German researchers are developing a device that could produce a chemical called “germania electron” that can be used in a variety of electronic cigarettes.
The device, called “GEGE,” is a “superconducting magnetic” electrochemical device with a magnetic field that can emit a chemical known as “chlorine,” which is extremely reactive and has a low affinity for metals.
The GEGE device could be used as a replacement for conventional cigarettes that have an alkaline metal in the nicotine, making them “electronic cigarette” in nature.”GEGEs are similar to traditional cigarettes in that they emit an electrical current when a chemical reaction occurs, but they can be made to emit a different chemical when the reaction is stopped,” explained Markus Köhler, a professor at the German Federal Institute of Technology in Bonn and lead author of a paper on the new device, published online today in Nature Communications.
“In this case, we are aiming to produce a device using a superconducting magnetically-conducting material.”
In a paper, Köhl and colleagues describe a GEGEE device made of “superconductor metal” that they believe can produce a supercharged chemical called chlorine in a “chemical reaction.”
The researchers say that by measuring the reaction, they can “see” the reaction occurring.
The device, a gold foil that includes a silicon carbide as a core, is made up of “an electrical field field generator” and a magnetically conductive wire.
When the researchers applied a magnetic force to the foil, a magnetic moment in the wire generated a chemical change that caused a chemical transition to occur.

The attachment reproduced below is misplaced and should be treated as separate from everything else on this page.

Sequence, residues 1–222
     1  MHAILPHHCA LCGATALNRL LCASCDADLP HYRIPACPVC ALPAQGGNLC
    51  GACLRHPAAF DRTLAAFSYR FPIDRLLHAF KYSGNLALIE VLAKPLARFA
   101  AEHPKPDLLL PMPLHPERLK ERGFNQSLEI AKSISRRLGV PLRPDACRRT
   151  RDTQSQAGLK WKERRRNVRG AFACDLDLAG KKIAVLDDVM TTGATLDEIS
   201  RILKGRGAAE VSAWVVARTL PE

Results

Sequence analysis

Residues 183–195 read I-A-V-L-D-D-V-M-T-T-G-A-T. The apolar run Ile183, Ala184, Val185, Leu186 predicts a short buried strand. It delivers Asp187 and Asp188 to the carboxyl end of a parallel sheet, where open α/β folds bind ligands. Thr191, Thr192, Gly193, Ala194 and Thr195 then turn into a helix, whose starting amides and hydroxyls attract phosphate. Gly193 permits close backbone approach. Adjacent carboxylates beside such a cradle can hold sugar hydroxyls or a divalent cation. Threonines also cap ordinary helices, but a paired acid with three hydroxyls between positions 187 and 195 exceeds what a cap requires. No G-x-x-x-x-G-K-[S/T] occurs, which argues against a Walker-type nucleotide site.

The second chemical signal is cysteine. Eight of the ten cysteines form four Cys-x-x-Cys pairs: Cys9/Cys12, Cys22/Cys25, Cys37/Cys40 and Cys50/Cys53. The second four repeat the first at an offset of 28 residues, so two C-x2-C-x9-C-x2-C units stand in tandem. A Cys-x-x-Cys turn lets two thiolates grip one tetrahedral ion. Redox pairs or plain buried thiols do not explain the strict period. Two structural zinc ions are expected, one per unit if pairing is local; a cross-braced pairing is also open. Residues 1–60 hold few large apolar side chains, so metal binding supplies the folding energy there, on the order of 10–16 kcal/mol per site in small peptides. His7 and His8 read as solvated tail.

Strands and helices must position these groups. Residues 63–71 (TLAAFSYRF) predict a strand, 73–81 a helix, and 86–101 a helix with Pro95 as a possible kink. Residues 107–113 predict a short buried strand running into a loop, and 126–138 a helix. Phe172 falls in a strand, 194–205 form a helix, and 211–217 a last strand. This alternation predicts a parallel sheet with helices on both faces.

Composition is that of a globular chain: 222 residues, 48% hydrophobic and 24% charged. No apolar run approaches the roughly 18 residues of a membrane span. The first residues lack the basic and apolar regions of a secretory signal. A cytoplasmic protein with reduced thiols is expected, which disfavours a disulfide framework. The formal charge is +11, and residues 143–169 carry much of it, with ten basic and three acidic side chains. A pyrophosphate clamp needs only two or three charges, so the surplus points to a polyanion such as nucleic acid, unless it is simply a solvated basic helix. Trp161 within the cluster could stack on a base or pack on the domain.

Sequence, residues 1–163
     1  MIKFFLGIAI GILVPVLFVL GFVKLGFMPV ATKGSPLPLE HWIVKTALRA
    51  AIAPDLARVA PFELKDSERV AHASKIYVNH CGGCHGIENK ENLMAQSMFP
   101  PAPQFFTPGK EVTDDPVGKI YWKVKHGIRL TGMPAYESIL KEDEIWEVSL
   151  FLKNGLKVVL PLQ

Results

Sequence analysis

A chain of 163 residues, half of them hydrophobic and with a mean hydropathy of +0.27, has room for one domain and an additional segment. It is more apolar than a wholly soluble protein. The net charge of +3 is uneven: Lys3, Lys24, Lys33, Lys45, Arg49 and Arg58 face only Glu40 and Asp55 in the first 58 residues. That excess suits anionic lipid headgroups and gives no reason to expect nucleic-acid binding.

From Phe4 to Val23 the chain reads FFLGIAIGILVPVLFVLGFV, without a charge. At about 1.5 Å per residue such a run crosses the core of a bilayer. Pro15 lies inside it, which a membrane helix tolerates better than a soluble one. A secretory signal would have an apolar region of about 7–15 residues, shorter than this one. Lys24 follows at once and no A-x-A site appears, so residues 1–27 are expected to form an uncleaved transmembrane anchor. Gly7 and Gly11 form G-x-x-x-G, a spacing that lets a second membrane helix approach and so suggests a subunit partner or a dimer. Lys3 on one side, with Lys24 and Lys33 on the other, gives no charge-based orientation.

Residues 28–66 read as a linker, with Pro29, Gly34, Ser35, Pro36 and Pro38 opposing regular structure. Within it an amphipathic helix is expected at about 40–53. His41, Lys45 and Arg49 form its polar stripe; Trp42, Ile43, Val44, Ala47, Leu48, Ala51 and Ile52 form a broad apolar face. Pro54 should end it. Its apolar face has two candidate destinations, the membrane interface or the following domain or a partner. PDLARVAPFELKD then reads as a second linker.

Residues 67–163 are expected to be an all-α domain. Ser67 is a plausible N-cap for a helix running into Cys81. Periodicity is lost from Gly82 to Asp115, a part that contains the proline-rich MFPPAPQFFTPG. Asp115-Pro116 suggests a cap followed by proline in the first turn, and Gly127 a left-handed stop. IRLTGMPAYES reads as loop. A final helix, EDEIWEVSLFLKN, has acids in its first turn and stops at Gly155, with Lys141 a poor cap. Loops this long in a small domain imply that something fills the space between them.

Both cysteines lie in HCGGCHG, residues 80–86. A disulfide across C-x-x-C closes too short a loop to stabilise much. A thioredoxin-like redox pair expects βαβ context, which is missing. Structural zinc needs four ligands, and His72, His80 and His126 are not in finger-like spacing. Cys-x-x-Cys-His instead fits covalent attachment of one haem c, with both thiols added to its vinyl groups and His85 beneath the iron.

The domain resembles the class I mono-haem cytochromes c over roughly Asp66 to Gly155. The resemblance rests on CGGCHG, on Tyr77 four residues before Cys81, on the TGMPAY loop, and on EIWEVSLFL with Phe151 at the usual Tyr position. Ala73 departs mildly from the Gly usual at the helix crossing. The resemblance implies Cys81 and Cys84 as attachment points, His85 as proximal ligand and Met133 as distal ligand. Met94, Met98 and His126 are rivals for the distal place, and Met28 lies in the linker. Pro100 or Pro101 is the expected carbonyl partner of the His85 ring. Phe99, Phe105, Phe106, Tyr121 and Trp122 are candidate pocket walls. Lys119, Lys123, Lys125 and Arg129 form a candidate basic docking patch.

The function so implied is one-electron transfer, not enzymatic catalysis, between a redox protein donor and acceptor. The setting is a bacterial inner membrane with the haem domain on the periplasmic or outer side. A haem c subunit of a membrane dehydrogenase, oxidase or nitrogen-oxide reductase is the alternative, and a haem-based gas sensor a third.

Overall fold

The researchers think this transition could be observed by the device.
The researchers also made an example of the device and measured its response.
They noted that the device “seems to have a relatively stable magnetically charged state,” and that the reaction produced the chemical “chloride” by “electron exchange.”
Köhler and his colleagues said they are currently working on improving the device to produce more potent chlorine-based electrochemical devices.
They have previously demonstrated a device with an “electrochemical magnetizer,” which has a magnetic source that generates a chemical by electrons that are transferred from a magnetic material to a metallic surface.
The electrochemical magnetizers can be constructed by adding conductive materials to a polymer to produce conductive “electrons.”
Kruger said the team plans to apply for regulatory approval in the near future.
He said the research is an important step in the development of new electrochemical batteries, but that it has not yet been able to prove that it will produce a chlorine-type chemical.
“The work that we have done so far is very promising, but we have to be careful not to get carried away with the ideas,” Kruger said.
“This is a new chemical, but it is still not yet clear if it will be possible to produce it.
The current work is also very interesting and exciting, but I think the next step is still very far away.”
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